Theaster Gates: Amalgam at Tate Liverpool


Theaster Gates: Amalgam at Tate Liverpool
December 13, 2019 through May 3, 2020
Opening Night Artist Talk December 12


Theaster Gates: Amalgam is an opportunity to see how Gates’s Lunder Institute appointment and his time in Maine have influenced his artistic practice. On December 12, the Lunder Institute is sponsoring an artist talk at the Museum of Liverpool in which Gates will be in conversation with scholar Michael Ralph (Associate Professor and Director of Africana Studies in the Department of Social and Cultural Analysis and the School of Medicine, New York University), and London-based fashion designer Grace Wales Bonner.

Previously presented at Palais de Tokyo (Paris) last winter, Amalgam originated in 2018, when Gates researched the history of Maine’s Malaga Island during his first year as our distinguished visiting artist. He created parts of the video Dance of Malaga on a bleak November visit to the island. Shortly after, Gates developed its musical components during a creative retreat in his Waterville studio with collaborator Yaw Agyeman and other members of the Black Monks, his musical ensemble.

Gates has long been fascinated by the intersection of property ownership, land values, and racial identity. Malaga was one of several islands located in the mouth of the New Meadows River owned by Benjamin Darling, a Black man whose descendants settled on Malaga in the years following the Civil War. By the turn of the twentieth century, real estate developers and elected officials regarded the racially mixed community, visible from the mainland, as an impediment to the burgeoning tourist industry along the coast. The state purchased the island for $400 in 1911, and the following year the governor expelled all of Malaga’s residents. Some of the displaced people assimilated into near-by towns; others were involuntarily committed to psychiatric institutions.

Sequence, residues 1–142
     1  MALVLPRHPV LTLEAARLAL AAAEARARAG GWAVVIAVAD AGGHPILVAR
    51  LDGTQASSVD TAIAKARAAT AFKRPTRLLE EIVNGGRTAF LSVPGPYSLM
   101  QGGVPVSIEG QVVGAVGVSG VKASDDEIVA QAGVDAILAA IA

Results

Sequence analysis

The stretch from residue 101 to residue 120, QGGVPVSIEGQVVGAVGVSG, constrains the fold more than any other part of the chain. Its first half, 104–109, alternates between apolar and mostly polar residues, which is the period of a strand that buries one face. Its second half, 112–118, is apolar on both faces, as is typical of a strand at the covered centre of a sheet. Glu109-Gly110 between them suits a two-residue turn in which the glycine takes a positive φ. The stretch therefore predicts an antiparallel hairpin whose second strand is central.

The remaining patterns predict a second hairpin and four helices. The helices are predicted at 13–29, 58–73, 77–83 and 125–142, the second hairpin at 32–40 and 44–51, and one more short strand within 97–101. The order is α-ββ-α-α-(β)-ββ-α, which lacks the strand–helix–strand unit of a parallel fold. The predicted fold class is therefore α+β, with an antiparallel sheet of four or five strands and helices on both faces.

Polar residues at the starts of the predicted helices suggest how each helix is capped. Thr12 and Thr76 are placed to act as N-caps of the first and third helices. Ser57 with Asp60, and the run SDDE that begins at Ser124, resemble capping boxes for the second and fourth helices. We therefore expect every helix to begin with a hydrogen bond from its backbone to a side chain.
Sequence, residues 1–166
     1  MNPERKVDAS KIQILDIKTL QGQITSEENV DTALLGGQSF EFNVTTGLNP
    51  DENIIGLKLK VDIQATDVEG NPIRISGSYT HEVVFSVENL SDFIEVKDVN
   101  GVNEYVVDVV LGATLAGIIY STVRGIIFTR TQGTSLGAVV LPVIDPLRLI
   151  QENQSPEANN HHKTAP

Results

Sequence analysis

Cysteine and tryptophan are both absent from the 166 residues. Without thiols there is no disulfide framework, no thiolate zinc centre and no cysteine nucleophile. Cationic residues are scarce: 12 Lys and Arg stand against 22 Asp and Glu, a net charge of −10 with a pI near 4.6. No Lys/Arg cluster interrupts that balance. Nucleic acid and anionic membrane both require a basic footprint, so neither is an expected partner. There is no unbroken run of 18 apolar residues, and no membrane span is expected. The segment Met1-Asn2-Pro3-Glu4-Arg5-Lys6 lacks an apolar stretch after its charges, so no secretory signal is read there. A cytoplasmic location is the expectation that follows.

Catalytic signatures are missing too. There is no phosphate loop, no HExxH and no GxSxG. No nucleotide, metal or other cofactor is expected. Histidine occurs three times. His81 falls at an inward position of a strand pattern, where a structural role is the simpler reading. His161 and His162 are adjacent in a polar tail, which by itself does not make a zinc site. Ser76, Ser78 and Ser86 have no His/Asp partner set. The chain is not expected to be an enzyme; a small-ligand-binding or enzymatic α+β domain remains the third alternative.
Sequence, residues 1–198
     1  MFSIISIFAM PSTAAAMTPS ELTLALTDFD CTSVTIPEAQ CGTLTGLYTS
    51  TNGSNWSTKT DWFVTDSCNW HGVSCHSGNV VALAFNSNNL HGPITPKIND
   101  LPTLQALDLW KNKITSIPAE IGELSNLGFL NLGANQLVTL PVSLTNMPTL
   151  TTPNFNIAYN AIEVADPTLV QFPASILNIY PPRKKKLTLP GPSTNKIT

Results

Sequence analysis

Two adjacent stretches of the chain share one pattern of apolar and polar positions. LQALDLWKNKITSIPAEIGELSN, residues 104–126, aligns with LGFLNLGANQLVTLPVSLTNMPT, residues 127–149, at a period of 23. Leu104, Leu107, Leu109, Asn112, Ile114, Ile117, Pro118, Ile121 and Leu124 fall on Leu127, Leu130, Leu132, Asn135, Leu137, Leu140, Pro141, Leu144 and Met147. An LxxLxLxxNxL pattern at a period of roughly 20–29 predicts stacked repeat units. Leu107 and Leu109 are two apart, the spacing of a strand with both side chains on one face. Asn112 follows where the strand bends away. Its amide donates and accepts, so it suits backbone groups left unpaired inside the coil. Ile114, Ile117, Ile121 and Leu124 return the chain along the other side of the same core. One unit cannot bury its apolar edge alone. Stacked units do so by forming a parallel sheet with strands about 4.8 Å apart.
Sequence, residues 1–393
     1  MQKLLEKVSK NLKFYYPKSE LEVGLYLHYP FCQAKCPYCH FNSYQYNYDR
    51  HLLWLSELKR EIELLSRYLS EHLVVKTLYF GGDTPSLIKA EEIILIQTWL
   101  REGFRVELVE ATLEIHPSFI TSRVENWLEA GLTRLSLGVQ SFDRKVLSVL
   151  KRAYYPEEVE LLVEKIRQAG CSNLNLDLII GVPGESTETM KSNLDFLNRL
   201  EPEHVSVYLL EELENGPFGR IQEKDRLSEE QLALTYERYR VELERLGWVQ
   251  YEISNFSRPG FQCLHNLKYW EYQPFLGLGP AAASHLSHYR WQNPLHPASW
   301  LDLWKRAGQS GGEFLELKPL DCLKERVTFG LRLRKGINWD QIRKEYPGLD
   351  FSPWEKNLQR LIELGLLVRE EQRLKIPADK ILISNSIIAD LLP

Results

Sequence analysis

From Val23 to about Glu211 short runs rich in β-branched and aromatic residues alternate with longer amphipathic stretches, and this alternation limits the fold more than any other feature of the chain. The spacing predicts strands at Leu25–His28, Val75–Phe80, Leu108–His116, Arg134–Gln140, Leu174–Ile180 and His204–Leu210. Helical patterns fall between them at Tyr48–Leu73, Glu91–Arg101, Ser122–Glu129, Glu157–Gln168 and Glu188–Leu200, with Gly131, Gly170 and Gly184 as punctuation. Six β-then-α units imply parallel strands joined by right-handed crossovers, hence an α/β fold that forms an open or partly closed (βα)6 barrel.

The exhibition title is both a near-anagram of Malaga and a riff on the use of “amalgam” by nineteenth-century eugenicists, for whom it denoted racial, ethnic, and religious intermingling. Taking the history of Malaga Island as a jumping-off point, Gates’s Amalgam addresses histories of the Black diaspora and the sexual aggression and racial mixing that resulted.

Featured image from home page: Still from the film Dance of Malaga, 2019. Copyright Theaster Gates and courtesy of the artist. Photo by Chris Strong.

Image above: Installation view of Amalgam at the Palais de Tokyo, Paris, 20 February to 12 May, 2019. Copyright Theaster Gates and courtesy of the artist. Photo by Chris Strong.